With analysts, investors, and regulators pondering the strength of the banking system, particularly smaller community banks, market participants are looking for safe haven assets. Big tech could fit the bill.
Predictably, the hunt for safe havens is beneficial to gold, as highlighted by the largest bullion-backed exchange traded fund, which gained 5.69% last week amid ongoing contagion effects from the collapse of SVB Financial (NASDAQ: SIVB) — the parent of Silicon Valley Bank (SVB) — and other financial institutions.
At the equity level, investors might be inclined to embrace defensive fare such as consumer staples and utilities in the current environment, but mature technology stocks are offering shelter from the bank-induced storm. Consider this: The (QQQ ) and the (QQQM ) each gained nearly 6% last week.
Obviously, there no guarantees in financial markets, but more upside — or at the very least, durability — could be on the way for those exchange traded funds, because market participants are viewing some of the ETFs’ holdings as safety valves amid the banking system calamity.
“Perhaps most important, however, is that parts of big tech can look pretty defensive—especially relative to shakier regional banks or cash-hungry start-ups that are still chasing profitability. That may sound counterintuitive given the sector’s reputation for growth, but if you’re looking for the security of cash, big tech has it in spades,” reported Teresa Rivas for Barron’s.
Apple (NASDAQ: AAPL), which is the second-largest holding in the Invesco ETFs, accounting for 12.26% of the rosters, rallied last week as investors looked for financially sturdy companies with immunity to small bank struggles.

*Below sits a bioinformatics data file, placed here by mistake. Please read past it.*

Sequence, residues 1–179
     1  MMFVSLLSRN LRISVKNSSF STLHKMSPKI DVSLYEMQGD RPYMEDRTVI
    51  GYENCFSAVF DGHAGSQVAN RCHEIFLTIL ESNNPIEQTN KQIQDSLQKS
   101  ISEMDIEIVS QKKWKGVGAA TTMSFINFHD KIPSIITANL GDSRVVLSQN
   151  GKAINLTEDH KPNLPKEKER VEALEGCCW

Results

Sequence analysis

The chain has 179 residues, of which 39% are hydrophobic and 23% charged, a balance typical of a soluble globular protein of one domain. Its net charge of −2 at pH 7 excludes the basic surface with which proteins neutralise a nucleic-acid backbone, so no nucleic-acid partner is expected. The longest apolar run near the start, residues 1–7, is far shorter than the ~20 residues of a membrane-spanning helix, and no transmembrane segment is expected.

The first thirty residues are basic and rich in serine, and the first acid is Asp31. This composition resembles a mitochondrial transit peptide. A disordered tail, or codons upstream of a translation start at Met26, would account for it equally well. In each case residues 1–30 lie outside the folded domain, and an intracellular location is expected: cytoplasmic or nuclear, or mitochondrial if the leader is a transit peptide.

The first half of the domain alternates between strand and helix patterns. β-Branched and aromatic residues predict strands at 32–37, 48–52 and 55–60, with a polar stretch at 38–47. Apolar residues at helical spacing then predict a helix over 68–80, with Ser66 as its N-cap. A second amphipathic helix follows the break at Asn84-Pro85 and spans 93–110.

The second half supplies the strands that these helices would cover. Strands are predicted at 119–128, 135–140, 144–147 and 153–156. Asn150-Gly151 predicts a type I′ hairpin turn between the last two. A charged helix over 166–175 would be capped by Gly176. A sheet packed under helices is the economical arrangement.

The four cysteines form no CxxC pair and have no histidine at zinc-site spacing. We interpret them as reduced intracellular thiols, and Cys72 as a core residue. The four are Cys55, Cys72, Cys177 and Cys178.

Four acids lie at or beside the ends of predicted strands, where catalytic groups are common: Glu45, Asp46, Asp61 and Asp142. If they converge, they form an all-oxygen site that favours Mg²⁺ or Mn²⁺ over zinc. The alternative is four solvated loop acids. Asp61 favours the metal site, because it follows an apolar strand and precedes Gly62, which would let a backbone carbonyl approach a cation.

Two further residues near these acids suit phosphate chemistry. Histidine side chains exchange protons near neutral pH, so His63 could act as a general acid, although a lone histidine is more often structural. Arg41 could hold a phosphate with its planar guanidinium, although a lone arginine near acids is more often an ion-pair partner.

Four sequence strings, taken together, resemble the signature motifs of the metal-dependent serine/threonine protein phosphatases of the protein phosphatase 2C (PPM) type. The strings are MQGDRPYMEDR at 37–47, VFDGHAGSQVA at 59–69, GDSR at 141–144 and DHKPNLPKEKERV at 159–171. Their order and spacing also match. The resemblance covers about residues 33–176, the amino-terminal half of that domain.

“Apple is famous for its fortresslike balance sheet, backed up with a hoard of cash so big that it has actually been called problematic (a problem we’d all like to have). At the end of its fiscal 2022 year in September, free cash flow had swelled almost 20% year over year to $111.44 billion,” according to Barron’s.
Speaking of cash hoards, Microsoft (NASDAQ: MSFT) and Google parent Alphabet (NASDAQ: GOOG) have $65 billion and $60 billion, respectively, in free cash on their balance sheets. Those stocks combine for about 20% of the QQQ and QQQM portfolios.
“Nonetheless, few analysts doubt these firms’ long-term dominance and resilience. Big tech’s piles of cash also mean these companies don’t have to depend on lenders like Silicon Valley Bank or venture capitalists—unlike start-ups—nor do they need to raise capital when interest rates are still high,” concluded Barron’s.
Month-to-date, investors have poured more than $1 billion combined in fresh assets into QQQ and QQQM.
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